Can you kill bed bugs with steam cleaner?

Yes, you can as any heat above 48°C will eradicate bed bugs and the steam from steam cleaners reaches around 120°C.

Does steam cleaning carpets help with bed bugs?

We’re happy to report that steam cleaning your carpet will also kill any bed bugs that might be hiding within. 

‘Maintaining your carpets through steam cleaning is a simple and effective way to keep them looking their best and eliminate bed bugs,’ James at Online Carpets explains. ‘When it comes to bed bugs, heat is their biggest weakness, and steaming your carpets is a great way to eliminate them alongside any eggs they may have left behind.’

Hopefully, this new trick means that bed bugs will stop being such a headache.

News Writer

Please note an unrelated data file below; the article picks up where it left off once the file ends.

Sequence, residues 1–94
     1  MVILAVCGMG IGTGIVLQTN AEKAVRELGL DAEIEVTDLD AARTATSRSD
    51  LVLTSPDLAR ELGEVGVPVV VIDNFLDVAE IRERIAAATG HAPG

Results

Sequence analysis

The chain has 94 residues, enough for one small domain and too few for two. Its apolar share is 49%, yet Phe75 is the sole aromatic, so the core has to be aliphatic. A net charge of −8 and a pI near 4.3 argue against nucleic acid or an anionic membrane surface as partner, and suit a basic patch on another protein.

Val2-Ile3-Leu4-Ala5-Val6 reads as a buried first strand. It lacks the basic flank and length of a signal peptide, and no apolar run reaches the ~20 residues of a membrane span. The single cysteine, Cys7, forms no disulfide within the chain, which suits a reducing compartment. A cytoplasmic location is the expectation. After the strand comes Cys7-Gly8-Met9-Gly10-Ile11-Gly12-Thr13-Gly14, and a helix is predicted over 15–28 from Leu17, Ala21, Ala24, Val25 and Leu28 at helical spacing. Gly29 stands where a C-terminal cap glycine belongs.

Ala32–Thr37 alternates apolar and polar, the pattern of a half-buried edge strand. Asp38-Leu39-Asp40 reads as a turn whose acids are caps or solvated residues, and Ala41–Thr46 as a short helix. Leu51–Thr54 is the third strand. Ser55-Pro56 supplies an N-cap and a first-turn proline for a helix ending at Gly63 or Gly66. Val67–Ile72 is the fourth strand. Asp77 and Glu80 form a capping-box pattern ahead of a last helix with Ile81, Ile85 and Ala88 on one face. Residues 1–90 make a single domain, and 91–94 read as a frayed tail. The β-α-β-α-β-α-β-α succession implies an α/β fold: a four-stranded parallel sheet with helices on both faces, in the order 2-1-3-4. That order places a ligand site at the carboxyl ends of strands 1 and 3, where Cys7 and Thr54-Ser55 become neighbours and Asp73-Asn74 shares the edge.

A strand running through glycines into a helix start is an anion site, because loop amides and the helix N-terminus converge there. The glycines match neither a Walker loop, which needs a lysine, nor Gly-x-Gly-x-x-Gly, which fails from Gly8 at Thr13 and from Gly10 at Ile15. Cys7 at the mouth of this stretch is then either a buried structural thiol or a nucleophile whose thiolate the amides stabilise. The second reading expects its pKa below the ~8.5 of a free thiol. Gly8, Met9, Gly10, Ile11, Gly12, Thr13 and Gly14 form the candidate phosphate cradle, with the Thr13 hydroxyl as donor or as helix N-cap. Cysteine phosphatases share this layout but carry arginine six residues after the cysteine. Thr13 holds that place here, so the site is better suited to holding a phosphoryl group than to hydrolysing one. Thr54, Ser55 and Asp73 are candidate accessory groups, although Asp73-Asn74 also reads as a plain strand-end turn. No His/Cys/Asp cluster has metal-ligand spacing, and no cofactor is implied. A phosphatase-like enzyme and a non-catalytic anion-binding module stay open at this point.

Sara Hesikova has been Ideal Home’s News Writer since July 2023, bringing the Ideal Home’s readership breaking news stories from the world of home decor and interiors, as well as trend-led pieces, shopping round-ups and more. Graduating from London College of Fashion with a bachelor’s degree in fashion journalism in 2016, she got her start in niche fashion and lifestyle magazines like Glass and Alvar as a writer and editor before making the leap into interiors, working with the likes of 91 Magazine and copywriting for luxury bed linen brand Yves Delorme among others. She feels that fashion and interiors are intrinsically connected – if someone puts an effort into what they wear, they most likely also care about what they surround themselves with.